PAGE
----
Top US scientists called on President Donald Trump- Thursday to not resume nuclear weapons tests, saying such tests would heighten the risk of a nuclear war.
In a letter published on the 75th anniversary of the world's first atom bomb test in 1945, about 70 scientists, including a half-dozen Nobel Prize recipients, questioned the Trump administration's possible plan to end a 28-year moratorium on tests.
Doing so "could increase the danger of another nuclear arms race as well as an inadvertent or intentional nuclear war," they said in the letter published in the journal Science.
"Following in the long tradition of scientists opposing nuclear weapons due to their harmful effects on both humanity and the planet, we ask the US government to desist from plans to conduct nuclear tests," they said.
The Washington Post reported in late May that the Trump administration had discussed the possibility of undertaking a nuclear weapons test to send a warning to Russia and China, both nuclear powers.
There was no agreement on doing so, but the report sparked concerns in the community committed to arms and nuclear weapons control.
The letter in Science noted that during the post-World War II Cold War with Russia, the United States undertook 1,030 nuclear bomb tests, more than all the tests combined by the world's other nuclear powers.
Washington imposed on itself a moratorium on tests in 1992 and in 1996 signed the Comprehensive Test Ban Treaty.
But the United States has yet to formally ratify the treaty, even as it has adhered to and promoted its goals.
"Restarting US nuclear weapons tests of any size, underground or above ground, would give license to other countries, such as North Korea, India, and Pakistan, to resume testing," the scientists wrote.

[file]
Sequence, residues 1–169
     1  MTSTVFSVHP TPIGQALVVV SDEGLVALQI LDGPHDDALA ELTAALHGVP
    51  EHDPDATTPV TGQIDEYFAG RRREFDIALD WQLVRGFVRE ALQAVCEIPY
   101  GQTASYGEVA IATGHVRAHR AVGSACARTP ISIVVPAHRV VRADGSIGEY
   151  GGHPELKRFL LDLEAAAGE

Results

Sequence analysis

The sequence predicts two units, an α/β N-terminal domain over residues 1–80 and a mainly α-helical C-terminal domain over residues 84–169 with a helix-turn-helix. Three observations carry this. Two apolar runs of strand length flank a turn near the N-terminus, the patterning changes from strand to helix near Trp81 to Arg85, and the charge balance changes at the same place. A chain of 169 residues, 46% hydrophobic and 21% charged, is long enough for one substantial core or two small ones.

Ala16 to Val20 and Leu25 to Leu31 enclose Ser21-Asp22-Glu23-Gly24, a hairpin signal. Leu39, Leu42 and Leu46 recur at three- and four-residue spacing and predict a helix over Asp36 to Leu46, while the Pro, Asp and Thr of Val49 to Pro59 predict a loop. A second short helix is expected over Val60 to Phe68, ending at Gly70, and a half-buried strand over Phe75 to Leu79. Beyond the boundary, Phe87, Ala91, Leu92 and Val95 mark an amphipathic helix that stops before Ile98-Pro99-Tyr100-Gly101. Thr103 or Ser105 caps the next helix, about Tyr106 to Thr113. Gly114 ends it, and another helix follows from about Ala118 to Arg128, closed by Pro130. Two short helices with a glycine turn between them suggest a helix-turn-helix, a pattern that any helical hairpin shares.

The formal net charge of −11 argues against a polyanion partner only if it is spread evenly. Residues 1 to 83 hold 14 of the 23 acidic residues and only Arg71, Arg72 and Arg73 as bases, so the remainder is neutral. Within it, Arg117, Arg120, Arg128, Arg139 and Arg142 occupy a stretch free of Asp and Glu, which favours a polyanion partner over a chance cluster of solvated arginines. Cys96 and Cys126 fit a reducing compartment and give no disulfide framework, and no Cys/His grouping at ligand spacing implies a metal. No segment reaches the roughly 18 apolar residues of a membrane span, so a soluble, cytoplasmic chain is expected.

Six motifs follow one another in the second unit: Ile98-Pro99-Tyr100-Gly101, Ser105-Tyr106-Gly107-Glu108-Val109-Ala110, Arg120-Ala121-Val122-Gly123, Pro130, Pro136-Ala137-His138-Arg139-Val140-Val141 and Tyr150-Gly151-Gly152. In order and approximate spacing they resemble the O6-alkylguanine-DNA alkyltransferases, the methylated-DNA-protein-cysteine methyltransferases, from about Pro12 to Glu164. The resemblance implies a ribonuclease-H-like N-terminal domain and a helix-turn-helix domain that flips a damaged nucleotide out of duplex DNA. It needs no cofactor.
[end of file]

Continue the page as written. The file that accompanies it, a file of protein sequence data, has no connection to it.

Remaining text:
They warned that underground tests can spread dangerous radioactivity into water supplies, while atmospheric tests -- currently banned by a 1963 treaty -- could spread radiation quickly and widely.
The group urged the administration to ratify the Comprehensive Test Ban Treaty and called for the Senate to adopt a proposed law to prevent any funding to go to nuclear tests.
The White House has not confirmed the discussion to resume nuclear weapons tests.
In a statement Thursday to mark the July 16, 1945 first "Trinity" atomic bomb test in New Mexico, Trump said US nuclear weapons power has been a crucial deterrent to threats to the country's security, and that he was investing to modernize and revitalize the US nuclear shield.
However, he said, "True to our word, we maintain our moratorium," on tests, even though Russia has conducted weapons experiments "that produce nuclear yield," and despite concerns that China has done so as well.
A US atomic bomb of the type nicknamed "Little Boy" that was dropped by a US Army Air Force B-29 bomber on August 9, 1945 over Hiroshima, Japan